Center for School and Campus Safety rolls out programs to safeguard Va. schools
RICHMOND, Va. (WWBT) - The commonwealth is no stranger to mass shootings, from the Virginia Beach office shooting in 2019 to the Virginia Tech shooting more than a decade prior. In the wake of the elementary school mass shooting in Texas, Donna Michaelis with the State Center of School and Campus Safety says the past has been a harsh teacher.
“It’s a tragedy, obviously, and unfortunately, from both these national tragedies and tragedies here in Virginia, we’ve learned a lot of difficult lessons,” Michaelis said.
Lessons Michaelis says the state is still learning from.
“Virginia has responded proactively with good legislation, great programs, training, and resources, but also some great programming that we’re rolling out,” Michaelis said.
Some of that includes reinforcing programs like threat assessment teams in K12 schools, which are essentially early intervention programs for children who are in or suspected to be in crisis.
“We were the first state in the nation to require threat assessment teams in K12 schools, and that occurred after the incident at Sandy Hook,” Michaelis said. “We’re also the only state in the nation to require threat assessment in both K12 and Higher Ed, and we’re getting ready to roll out a program to offer behavioral threat assessment teams to the community so that they will have a place to report abhorrent behavior and concerns.”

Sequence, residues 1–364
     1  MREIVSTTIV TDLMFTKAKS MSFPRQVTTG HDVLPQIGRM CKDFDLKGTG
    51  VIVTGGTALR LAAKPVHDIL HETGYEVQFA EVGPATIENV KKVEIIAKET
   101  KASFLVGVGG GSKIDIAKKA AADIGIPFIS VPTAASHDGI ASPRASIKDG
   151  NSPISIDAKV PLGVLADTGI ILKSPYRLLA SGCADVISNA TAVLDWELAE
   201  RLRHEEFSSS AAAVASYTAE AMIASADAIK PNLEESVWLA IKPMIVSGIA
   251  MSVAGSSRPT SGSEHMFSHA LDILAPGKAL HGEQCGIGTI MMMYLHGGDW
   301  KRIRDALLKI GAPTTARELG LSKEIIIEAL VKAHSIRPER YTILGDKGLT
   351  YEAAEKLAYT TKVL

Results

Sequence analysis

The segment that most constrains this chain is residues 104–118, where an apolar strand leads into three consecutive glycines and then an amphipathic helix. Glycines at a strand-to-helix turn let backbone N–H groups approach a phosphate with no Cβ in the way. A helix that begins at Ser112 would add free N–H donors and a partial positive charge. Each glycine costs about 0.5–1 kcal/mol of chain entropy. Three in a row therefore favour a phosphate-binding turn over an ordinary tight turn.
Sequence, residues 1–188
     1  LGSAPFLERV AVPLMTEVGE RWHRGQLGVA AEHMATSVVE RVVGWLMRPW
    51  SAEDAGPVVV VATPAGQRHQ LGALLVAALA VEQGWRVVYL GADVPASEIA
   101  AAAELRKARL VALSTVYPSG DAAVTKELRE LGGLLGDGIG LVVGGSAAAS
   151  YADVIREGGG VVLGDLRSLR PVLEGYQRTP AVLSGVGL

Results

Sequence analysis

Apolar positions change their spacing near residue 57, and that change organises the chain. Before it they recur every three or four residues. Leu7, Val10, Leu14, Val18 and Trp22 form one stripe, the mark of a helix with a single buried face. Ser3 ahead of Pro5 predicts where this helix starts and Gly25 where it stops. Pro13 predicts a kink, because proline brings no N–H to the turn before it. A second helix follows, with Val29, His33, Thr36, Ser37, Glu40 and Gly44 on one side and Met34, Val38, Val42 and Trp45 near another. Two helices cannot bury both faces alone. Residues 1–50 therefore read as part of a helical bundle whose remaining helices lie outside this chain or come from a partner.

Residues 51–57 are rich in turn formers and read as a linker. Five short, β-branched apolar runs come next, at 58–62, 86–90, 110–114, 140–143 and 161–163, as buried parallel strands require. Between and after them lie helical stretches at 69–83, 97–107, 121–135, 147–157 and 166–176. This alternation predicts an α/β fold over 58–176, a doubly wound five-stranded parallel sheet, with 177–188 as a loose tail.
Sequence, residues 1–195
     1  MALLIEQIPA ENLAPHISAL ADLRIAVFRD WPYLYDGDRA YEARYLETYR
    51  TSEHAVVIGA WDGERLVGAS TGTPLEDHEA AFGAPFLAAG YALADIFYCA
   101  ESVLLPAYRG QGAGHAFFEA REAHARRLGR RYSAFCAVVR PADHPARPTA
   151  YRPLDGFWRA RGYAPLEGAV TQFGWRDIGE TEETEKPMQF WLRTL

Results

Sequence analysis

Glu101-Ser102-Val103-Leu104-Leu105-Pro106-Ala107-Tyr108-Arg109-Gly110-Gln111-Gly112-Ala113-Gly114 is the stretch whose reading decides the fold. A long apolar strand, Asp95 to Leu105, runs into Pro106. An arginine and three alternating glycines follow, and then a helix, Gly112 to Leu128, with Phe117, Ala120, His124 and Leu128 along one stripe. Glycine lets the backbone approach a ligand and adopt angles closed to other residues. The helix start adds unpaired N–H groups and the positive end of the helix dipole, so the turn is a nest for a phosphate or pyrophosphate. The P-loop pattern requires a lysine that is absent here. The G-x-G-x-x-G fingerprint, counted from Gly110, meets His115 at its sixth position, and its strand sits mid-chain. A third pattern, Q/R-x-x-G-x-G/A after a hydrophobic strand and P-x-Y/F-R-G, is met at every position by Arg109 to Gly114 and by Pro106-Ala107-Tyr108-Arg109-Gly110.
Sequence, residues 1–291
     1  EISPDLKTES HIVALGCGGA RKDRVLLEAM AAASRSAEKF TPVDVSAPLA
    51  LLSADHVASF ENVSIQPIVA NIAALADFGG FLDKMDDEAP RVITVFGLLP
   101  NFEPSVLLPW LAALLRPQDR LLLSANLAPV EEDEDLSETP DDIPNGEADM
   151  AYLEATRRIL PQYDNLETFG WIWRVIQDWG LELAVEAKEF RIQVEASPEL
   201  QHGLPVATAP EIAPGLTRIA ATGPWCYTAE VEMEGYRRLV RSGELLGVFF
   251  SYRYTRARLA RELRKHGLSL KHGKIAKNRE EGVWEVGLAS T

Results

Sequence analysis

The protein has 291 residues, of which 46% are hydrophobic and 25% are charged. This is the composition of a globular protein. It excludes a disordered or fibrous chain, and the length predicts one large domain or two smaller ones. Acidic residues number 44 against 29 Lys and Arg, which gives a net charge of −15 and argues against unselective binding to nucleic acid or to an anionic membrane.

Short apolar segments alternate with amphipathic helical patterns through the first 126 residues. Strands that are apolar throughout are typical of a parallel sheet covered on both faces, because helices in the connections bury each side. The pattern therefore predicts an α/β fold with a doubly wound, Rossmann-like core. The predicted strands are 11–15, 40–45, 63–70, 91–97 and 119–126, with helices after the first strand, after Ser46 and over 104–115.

The state also wants to standardize how law enforcement responds to school emergencies.
“We’re also rolling out what we called the standard response protocols and Standard Reunification Method,” Michaelis said. “The Center for School and Campus Safety is offering it free of charge for schools to allow for uniform language and uniform response mechanisms, so no matter where you are in Virginia, they’ll be on the same page.”
To that end, the state is offering money to school districts that create digital floor plans of their buildings to help law enforcement in an emergency. That grant program is being rolled out in conjunction with House Bill 741, which will go into effect this summer. The law requires each school district in the state to create a detailed and accurate floor plan for each public school building in the local school division or certify that the existing floor plan for each such school is sufficiently clear and precise.
According to the law, there is no requirement that the floor plans be made digital, but Michaelis says in the days since the shooting in Uvalde, the center has seen an influx of school districts looking to take part in the running grant program.
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